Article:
All of the money spent by OKC Momentum comes from another group called "A Better Oklahoma City, Inc." The director of this group is someone I consider a friend, and who would like to keep as a friend, especially since I now know she can raise a half million dollars to take me down if I cross her. I do know that this person is not someone whose politics you can pigeonhole so I cannot say there are horrible ulterior motives, but I also know that as a stay-at-home mother, the money wasn't hers.

That's where the real problem comes. Thanks to a recent Supreme Court decision, corporations like "A Better Oklahoma City, Inc." are accorded the same speech rights as a human and money is somehow considered speech. That translates to being allowed to shield where the money comes from, a freedom which Better OKC is taking advantage. This is a blueprint that is going to be used in elections from now on. Groups with benign sounding names will be able to collect unlimited amounts of money and using corporate shields will be able to protect anyone from knowing who is behind the campaigns. Both sides of the political spectrum are going to utilize this, and the voters will never know who or what is driving the conversation. George Orwell would love this.

In the short term, the only way to fight Big Brother is to vote for Ed Shadid.

(Disclaimer: Ed Shadid has paid to have an advertisement on  This endorsement is in no way related to that ad.)


Pay OU's new basketball coach until June 9th

Under the circumstances, I think OU's athletic director did a great job in hiring Lon Kruger to replace Jeff Capel. Last week, Patrick outlined the difficult position Joe Castiglione found himself in while trying to fill the head coaching position for the men's basketball program. To summarize, the last two coaches had caused far too many headaches for an athletics department that really only desires a football program. So, they wanted a coach with a pristine image in the eyes of NCAA regulators and that person had to be willing to take on a team decimated in talent that possesses minimal fan support in good times.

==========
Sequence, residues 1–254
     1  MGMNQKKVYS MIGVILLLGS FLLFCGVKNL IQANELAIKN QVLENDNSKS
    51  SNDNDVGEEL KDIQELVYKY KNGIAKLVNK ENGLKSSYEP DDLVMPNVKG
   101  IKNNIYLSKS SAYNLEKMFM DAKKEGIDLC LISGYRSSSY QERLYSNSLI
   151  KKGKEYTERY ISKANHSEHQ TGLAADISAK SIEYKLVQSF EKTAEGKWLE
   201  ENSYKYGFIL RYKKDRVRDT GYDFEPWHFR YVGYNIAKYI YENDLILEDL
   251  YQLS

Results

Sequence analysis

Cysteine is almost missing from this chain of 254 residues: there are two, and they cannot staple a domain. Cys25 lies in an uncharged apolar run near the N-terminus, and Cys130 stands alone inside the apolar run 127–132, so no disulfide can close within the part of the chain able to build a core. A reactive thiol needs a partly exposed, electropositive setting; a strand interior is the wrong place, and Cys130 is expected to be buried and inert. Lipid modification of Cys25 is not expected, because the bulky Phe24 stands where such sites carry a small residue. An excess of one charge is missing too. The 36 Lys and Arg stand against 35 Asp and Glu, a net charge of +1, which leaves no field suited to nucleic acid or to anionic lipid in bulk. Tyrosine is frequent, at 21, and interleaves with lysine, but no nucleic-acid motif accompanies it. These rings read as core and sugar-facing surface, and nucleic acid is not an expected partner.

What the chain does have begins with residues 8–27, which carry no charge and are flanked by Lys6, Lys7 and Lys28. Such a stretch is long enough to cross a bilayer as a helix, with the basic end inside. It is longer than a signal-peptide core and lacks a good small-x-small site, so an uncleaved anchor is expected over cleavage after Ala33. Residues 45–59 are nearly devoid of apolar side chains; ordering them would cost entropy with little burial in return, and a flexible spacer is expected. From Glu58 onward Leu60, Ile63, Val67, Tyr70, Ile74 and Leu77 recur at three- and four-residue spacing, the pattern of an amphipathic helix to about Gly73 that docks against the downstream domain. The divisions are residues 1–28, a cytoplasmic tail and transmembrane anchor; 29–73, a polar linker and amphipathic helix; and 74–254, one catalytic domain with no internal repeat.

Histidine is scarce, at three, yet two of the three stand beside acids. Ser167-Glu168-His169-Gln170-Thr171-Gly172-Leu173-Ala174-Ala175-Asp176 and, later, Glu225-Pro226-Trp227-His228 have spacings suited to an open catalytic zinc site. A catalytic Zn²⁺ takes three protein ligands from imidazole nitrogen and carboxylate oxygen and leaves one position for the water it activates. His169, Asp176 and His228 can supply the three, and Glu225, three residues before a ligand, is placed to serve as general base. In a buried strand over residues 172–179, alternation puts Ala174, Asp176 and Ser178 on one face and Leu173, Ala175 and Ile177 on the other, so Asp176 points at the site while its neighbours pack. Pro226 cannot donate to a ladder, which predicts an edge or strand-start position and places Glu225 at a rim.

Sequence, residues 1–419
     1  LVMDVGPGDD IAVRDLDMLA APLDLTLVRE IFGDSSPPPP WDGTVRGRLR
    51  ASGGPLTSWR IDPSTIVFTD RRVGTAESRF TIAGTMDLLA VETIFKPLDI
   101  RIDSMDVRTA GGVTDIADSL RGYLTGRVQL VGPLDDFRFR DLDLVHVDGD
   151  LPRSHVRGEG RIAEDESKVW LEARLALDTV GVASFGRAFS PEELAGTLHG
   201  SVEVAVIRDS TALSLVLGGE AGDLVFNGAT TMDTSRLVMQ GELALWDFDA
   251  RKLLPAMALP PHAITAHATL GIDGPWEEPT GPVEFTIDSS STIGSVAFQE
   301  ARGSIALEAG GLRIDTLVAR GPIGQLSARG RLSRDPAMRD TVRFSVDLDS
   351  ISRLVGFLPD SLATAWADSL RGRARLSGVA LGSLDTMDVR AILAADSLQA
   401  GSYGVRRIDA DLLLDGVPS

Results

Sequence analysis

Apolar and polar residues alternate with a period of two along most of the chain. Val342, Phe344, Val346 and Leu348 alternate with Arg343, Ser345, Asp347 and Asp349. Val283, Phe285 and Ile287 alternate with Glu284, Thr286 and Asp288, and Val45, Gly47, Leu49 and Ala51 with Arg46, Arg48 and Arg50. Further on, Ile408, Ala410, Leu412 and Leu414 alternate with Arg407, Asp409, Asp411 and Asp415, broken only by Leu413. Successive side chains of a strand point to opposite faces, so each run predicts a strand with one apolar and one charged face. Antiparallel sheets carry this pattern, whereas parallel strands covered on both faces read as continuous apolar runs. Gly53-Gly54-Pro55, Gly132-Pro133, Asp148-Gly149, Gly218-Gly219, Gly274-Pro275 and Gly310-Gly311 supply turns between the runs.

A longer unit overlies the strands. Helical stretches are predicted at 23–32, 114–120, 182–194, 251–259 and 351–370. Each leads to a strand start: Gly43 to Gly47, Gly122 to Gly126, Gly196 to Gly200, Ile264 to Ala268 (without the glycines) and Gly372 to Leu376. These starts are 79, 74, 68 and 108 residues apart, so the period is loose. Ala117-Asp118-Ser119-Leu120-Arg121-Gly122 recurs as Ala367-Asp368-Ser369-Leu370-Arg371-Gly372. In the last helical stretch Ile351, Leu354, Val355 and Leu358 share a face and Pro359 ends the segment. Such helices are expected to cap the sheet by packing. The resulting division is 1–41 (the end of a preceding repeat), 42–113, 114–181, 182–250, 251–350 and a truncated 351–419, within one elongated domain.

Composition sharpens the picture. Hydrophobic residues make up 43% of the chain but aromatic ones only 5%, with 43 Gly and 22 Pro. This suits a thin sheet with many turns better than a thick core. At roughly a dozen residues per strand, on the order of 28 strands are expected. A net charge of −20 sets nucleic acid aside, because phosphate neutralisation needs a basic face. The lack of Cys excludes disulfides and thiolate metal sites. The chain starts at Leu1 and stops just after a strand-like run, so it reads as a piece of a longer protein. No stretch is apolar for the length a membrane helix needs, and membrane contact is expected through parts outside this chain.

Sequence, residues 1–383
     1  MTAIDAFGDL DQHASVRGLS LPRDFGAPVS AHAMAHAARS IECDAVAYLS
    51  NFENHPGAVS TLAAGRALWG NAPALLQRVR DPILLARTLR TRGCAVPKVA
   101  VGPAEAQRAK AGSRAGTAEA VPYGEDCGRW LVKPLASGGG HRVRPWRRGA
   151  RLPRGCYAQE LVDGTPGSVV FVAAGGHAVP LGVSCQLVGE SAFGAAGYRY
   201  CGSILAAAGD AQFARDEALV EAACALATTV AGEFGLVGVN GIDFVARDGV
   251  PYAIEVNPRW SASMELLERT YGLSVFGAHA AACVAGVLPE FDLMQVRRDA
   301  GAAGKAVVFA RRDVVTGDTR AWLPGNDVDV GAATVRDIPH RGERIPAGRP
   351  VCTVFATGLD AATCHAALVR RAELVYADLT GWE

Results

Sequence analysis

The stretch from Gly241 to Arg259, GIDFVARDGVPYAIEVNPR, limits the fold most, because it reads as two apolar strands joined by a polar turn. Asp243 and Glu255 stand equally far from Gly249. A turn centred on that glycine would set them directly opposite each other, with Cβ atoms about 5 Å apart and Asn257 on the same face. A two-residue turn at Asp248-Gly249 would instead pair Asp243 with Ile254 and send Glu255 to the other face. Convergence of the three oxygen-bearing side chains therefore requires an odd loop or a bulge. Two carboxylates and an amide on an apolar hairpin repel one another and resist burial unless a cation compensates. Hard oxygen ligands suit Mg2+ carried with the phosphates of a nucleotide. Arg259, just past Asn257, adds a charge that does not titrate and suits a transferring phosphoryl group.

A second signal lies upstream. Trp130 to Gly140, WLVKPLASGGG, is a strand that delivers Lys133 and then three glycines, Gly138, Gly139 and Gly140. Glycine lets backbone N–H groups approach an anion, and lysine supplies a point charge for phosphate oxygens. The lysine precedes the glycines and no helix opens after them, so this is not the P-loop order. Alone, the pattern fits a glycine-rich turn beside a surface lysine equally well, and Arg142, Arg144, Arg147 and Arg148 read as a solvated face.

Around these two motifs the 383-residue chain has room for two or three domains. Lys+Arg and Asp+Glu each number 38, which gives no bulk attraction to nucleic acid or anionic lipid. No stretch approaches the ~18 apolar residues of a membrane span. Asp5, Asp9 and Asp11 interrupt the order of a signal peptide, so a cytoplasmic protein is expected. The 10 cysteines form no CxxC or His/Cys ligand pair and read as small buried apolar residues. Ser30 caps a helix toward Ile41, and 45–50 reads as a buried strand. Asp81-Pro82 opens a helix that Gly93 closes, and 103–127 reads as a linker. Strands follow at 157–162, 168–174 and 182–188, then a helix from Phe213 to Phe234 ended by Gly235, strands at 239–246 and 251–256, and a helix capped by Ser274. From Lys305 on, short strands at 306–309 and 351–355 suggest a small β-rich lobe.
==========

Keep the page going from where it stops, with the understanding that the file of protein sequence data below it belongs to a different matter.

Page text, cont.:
Initially, Castiglione aimed high but found that the coaches he targeted had no interest in leaving their good coaching gigs so they could bring Bob Stoops coffee. The names that kept being rumored as candidates to take the job kept getting big contract extensions, which was either a huge coincidence, or the targeted coaches only returned Joe C's calls in hopes of that outcome.

So, it was starting to look like the Sooners' hopes of getting an established coach were down the drain, and they were going to have to roll the dice on another perceived up-and-comer like Capel...we all know how that turned out. Kruger, who reinvigorated a UNLV program that has floundered since they fired Jerry Tarkanian, was a home run hire.

To get him to leave his good gig, though, OU had to open the checkbook. He will make $2.2 million next year, a figure that is slightly more than half of what Bob Stoops will make running the football program. Of course, I doubt anyone would argue that the basketball program means half as much to the university as the football team.